About three weeks ago I received some terrible, heartbreaking news. One of the mothers of a friend of my youngest son had passed away after losing her battle to cancer. Her funeral was held on the following Friday, and naturally my son and I attended the service to offer support to his friend and his two older sisters.

three hearts

During the service my heart broke for those three children sitting there. As a mother, I couldn’t even begin to comprehend what it must be like to know you are going to die, and you need to say goodbye to your own flesh and blood. I saw her oldest daughter of eleven get up, and with such elegance and grace give a heartfelt eulogy of the mother she had lost. She spoke of the fond memories they made, the great love they shared, the great example she was, and how these precious children miss her beyond what they can even feel within their own hearts.


The tears were streaming down my cheeks, and I find it hard to keep myself in check as I write this down again.

What stood out to me the most that day, was the pictures they had projected throughout the whole service. This mother was probably not what the world would describe as the perfect woman, but each picture was one of her smiling, embracing life, and being a happy, vibrant person. She was a mother, a wife, a woman, someone who cared for others, someone who lived her life, and who lived for others. And I saw that written in those pictures and heard it in the words of her oldest daughter.

These past months I have been dealing with my own issues, and I have this amazing friend who I often call and chat with. She has been my friend for over sixteen years, and we have recently made more time to strengthen our friendship. As I have spoken to her over these past months, I have discovered that for years she has struggled with her self-esteem. As I listened to her during our many conversations these past months, I couldn’t believe that my friend, the one person I have always looked up to as a pillar of strength had been feeling this for so long, and silently suffering in such a way.

As we shared our feelings with each other, I also spoke of my own insecurities and my own issues of not meeting up with what society feels we as women need to be or measure up to be. She was also surprised I had similar feelings because she never thought I would have struggled with any issues regarding my appearance.

happy familiesSitting in that funeral service, seeing those pictures, hearing those words, I could feel a distinct feeling, as if the Holy Ghost were whispering to me “Look at this woman, she lived her life, and it was full. Don’t waste yours worrying about that which isn’t of importance. Take that picture, make that memory, don’t postpone, for tomorrow might be too late.”

Let me clarify this impression to you. I live my life in such a way that I often shy away from the camera, I hate my picture being taken. When I see a picture of myself, I focus on all of the negative aspects I see, and I sometimes don’t even see the good or the happy memory that was made.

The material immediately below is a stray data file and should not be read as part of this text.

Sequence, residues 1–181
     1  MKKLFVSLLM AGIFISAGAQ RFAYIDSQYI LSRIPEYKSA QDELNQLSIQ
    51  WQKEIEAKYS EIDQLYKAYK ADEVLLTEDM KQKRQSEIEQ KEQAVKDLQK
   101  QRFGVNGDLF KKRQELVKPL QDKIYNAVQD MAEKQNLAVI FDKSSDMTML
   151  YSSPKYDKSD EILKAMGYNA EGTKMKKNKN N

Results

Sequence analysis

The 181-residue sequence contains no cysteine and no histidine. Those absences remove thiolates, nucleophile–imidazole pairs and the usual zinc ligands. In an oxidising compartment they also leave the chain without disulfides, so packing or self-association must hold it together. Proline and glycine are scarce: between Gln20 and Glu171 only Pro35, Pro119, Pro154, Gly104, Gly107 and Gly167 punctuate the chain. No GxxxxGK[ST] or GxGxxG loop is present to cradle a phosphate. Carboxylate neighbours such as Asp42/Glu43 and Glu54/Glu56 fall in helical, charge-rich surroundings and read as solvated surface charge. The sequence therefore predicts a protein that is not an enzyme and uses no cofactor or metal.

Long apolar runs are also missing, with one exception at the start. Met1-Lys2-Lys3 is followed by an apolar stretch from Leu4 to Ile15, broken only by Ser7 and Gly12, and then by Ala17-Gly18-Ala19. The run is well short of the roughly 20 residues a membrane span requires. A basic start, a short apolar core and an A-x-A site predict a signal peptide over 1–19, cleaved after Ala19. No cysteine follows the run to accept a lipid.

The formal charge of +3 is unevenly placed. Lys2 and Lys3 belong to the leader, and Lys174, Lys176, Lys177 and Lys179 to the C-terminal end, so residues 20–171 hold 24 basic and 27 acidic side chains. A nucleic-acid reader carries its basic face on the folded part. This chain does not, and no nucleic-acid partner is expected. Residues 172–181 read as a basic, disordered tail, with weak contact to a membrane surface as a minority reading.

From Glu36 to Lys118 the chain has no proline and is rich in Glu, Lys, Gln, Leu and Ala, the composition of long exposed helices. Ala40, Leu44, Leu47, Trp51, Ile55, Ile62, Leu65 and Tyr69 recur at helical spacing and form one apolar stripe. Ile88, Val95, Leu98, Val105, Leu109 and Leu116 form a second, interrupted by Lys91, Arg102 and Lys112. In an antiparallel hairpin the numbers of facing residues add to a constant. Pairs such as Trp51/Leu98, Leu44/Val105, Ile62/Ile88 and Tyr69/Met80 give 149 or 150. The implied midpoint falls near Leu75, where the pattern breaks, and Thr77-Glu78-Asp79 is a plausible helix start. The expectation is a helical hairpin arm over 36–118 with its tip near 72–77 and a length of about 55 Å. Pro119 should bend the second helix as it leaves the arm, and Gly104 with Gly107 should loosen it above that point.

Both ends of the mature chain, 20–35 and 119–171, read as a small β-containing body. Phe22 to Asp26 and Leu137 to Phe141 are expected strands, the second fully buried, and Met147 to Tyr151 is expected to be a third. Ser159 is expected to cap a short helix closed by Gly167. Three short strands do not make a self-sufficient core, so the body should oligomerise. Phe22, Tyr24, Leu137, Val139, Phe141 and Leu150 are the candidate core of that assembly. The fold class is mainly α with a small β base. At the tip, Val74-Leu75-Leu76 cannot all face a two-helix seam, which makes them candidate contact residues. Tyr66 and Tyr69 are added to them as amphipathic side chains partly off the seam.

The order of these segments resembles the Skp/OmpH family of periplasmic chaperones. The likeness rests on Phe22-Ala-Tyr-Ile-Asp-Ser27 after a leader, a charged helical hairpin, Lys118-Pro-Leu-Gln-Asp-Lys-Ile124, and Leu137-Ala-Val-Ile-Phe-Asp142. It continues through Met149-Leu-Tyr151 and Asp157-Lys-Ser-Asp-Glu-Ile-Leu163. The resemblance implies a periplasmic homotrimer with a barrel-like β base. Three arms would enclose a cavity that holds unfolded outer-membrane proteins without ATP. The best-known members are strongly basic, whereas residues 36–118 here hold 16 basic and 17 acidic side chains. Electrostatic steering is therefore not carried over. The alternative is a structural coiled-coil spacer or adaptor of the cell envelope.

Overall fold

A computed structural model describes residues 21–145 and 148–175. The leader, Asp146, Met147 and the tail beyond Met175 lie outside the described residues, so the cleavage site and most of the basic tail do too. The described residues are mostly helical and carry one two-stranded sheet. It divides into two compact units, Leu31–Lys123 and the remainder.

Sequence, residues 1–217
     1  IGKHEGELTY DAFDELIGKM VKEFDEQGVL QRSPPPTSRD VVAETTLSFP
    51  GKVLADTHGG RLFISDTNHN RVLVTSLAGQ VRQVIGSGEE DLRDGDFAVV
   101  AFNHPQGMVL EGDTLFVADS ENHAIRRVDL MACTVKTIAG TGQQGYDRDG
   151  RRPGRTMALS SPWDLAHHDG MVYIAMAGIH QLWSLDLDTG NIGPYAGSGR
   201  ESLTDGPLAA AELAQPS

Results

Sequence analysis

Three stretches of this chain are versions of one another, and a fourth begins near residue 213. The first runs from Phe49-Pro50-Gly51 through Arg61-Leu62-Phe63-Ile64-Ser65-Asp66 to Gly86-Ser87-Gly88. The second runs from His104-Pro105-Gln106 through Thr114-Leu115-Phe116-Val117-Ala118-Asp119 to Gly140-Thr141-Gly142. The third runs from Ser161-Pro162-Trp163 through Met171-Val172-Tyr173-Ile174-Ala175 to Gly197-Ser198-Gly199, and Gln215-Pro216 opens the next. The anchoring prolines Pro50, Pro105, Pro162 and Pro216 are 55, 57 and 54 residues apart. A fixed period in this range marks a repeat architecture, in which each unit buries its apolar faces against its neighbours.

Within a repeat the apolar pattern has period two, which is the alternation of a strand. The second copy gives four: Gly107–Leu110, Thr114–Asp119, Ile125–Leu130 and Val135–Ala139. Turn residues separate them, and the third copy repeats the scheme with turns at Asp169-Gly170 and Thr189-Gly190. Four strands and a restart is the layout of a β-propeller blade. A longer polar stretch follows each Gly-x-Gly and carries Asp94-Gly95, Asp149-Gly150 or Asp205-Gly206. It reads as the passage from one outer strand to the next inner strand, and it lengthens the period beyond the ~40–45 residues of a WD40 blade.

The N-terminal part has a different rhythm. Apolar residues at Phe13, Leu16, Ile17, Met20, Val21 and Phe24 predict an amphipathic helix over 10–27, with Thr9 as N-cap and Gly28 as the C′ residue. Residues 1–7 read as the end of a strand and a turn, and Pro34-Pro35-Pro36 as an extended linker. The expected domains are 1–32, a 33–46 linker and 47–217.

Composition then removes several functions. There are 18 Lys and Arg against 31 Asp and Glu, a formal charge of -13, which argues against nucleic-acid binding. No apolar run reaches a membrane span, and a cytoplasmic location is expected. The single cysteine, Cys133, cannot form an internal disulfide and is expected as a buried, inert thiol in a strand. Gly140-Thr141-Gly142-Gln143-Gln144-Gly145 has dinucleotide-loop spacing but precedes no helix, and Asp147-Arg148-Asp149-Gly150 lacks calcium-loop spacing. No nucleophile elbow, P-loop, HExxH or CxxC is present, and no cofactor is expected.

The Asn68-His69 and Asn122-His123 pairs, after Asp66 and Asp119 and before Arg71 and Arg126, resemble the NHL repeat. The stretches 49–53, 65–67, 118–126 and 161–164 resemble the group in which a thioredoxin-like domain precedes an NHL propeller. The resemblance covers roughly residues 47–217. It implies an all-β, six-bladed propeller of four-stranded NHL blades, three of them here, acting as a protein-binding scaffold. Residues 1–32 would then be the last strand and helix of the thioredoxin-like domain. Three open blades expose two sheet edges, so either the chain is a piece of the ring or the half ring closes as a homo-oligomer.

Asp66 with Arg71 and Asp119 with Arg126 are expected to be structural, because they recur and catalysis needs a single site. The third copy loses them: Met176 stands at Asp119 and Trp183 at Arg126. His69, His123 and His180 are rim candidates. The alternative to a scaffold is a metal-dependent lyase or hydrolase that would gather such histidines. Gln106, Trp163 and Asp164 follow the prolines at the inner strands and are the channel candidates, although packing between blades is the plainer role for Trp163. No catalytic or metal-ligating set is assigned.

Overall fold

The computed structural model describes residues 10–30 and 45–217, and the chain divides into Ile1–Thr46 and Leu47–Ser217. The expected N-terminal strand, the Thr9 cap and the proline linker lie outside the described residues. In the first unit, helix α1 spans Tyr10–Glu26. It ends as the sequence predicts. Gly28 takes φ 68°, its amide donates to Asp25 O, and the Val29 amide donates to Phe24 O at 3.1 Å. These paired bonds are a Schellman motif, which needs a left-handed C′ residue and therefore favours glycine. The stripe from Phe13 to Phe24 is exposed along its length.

As I looked at those pictures of this mother that had passed, I understood that making memories is more important than focusing on the negativity you may think you see in yourself. I’m sure if you ask the people that love you what they see in you, they can list at least ten things that are

happy life

amazing about you and your appearance. They might even be able to list twenty, thirty or even a hundred things. We are hindered to see the amazing person we are, by our own ridiculous image we may have created for ourselves based on unrealistic criteria, or complete incorrect images shoved on us by the media.

I learned that day that I need to stop being my own worst enemy, and start loving myself more. And I called my friend up shortly after and told her of my feelings that day.

I hope whomever reads this post, will realize they are AMAZING! We each have our own strengths and our own uniqueness that make us beautiful. We have qualities that will bless those around us, and if we look beyond those feelings that sometimes try to convince us we may not be enough, we can aim for greatness. Always remember, you are beautiful my amazing, beautiful friend. And to all the people in the world, you all are beautiful too.



This video opened my eyes up to what it is we do to ourselves on a daily basis, when we keep breaking ourselves down instead of building ourselves up.

Take the time to watch it, it will open up your perspective.

2 thoughts on “To all the people who have ever struggled with low self-esteem, really to everyone everywhere.

  1. Great post, Mylissa. It’s so true, especially as women. Why do we beat ourselves up. I like that video–be your own best friend. Our bodies are a gift from God. We should cherish them and all we can do and are. Thanks for the great reminder.

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